He stated that the condition was remorseless and had a higher mortality rate than most cancers. There is little hope of remission. Yet, there are few or no treatment options. 

“Allowing these patients finally to access antifibrotics will enable them to live longer, healthier lives.”

More than 70,000 Britons currently have pulmonary fibrosis. The majority of them suffer from an idiopathic form of pulmonary dysfunction (IPF). 

Most are over 70, and doctors are not sure what causes it – idiopathic is a medical term for unknown cause. 

There is no cure, and patients usually live for five years after being diagnosed.

Antifibrotic drugs like nintedanib were developed over the past ten years and have been proven to be highly effective in slowing the spread scarring in the lungs. 

Why photos don’t replace memories

The ability to remember something by taking a picture of it can be reduced.

In 2018, University of California Santa Cruz researchers recruited 42 students for two art-viewing opportunities.

The first collection was just an overview of the art. For the second, they had to photograph each piece. Participants were then asked to answer questions about what they had just seen.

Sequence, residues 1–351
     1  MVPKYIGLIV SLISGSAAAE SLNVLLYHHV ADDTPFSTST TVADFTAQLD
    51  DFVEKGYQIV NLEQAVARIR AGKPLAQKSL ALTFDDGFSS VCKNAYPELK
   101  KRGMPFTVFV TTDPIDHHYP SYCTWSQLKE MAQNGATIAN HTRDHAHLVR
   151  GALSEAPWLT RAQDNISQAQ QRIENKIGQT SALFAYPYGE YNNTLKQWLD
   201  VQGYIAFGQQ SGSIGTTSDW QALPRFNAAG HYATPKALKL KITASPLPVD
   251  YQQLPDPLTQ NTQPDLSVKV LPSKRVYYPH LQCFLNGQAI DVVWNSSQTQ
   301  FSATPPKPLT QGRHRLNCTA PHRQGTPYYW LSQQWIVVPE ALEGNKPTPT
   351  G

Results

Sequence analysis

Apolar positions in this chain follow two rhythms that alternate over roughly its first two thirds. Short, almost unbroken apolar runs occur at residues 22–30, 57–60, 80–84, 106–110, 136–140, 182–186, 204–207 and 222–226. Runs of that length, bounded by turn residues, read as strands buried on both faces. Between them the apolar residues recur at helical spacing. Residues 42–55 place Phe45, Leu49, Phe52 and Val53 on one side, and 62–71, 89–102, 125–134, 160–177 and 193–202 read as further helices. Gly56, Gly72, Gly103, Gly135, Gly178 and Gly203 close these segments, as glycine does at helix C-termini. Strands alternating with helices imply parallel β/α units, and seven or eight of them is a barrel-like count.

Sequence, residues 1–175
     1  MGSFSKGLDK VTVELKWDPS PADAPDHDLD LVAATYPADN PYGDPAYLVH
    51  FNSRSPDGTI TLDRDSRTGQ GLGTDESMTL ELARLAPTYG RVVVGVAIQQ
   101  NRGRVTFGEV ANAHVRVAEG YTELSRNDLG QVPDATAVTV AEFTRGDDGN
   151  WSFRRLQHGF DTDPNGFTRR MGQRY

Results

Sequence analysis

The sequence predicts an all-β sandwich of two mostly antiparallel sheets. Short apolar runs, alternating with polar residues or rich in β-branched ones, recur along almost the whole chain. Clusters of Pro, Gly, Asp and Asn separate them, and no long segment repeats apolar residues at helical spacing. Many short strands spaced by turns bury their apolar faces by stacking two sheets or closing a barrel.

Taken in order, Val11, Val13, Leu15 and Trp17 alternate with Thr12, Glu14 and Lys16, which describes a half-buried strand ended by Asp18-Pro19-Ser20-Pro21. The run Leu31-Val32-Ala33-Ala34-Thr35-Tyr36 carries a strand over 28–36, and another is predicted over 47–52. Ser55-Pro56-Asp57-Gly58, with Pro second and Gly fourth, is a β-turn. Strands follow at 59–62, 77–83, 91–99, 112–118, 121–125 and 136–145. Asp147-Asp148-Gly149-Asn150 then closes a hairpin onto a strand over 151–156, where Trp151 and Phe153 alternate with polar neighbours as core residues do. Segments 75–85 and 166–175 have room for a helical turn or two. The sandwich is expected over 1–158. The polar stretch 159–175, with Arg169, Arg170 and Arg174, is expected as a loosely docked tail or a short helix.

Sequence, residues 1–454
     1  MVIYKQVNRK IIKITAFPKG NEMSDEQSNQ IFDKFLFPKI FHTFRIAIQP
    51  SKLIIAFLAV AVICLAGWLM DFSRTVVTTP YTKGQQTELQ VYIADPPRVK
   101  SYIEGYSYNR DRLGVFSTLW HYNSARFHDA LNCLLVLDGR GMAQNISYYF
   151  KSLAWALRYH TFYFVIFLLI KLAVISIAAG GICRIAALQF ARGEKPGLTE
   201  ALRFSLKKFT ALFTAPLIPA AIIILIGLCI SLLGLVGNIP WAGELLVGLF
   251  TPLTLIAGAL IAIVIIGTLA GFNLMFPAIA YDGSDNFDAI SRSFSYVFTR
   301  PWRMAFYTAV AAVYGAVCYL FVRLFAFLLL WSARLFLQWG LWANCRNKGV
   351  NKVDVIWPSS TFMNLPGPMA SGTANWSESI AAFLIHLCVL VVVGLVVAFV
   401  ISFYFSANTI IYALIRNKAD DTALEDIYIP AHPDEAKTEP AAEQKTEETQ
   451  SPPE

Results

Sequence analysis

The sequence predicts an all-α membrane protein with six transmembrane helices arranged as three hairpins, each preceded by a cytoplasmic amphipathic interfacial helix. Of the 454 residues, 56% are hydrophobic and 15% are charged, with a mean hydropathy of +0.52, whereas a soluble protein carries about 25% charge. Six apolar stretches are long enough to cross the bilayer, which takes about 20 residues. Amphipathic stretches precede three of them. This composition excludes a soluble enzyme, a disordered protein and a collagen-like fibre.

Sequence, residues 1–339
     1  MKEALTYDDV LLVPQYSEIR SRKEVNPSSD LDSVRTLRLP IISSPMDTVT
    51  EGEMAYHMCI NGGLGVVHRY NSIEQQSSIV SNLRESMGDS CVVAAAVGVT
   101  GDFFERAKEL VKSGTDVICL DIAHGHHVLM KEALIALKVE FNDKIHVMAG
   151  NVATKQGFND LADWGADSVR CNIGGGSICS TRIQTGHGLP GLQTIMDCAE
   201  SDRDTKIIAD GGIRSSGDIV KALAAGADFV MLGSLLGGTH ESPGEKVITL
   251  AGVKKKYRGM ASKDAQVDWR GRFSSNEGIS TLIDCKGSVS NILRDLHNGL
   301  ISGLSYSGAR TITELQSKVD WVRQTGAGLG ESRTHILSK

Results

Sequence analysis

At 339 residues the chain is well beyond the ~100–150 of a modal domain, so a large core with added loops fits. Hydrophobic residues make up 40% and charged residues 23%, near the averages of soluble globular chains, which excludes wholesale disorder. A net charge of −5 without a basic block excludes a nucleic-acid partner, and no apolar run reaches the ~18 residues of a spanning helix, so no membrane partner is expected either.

Students answered more positively when asked to recall details of art they had not photographed.

Researchers believe that students may have been distracted by the task at hand, taking photos. As a result, they may have noticed fewer details.

NICE granted IPF patients access for this reason.

However, pulmonary fibrosis also develops as a result of known causes – a version known as non-IPF. 

Triggers include rheumatoidarthia, an autoimmune disease that can inflame and scar the lungs, and exposure to industrial materials asbestos and silica.

These non-IPF patients weren’t offered antifibrotics by the NHS as they were not included in drug trials. This meant that there wasn’t any data to show if they responded to the treatment. 

Campaigners argue that drugs are equally effective and point out that the UK is a rare exception.

Steve Jones, chairman and CEO of Action For Pulmonary Fibrosis stated that Britain is the only place in the world where access is restricted to certain pulmonary fibrosis sufferers.

Boehringer Ingelheim, Germany’s pharmaceutical firm, started a trial of nintedanib with non-IPF patients in 2017. 

It was found that the drug was equally effective in slowing scarring in the lungs for IPF patients as it was for IPF patients two years later.

NICE reviewed the evidence and concluded that nintedanib could be offered to non-IPF patients on NHS if scans show that their lung capacity has been affected by the disease, but not so serious that they are unable to receive treatment.

Ms. Fielding described the decision as ‘fabulous news. 

The grandmother-of-seven, who takes nintedanib every day, said: ‘Before I started on the drugs I worried I wouldn’t see my youngest grandson reach five. 

“Now, I hope they’ll remember me when I’m grown up.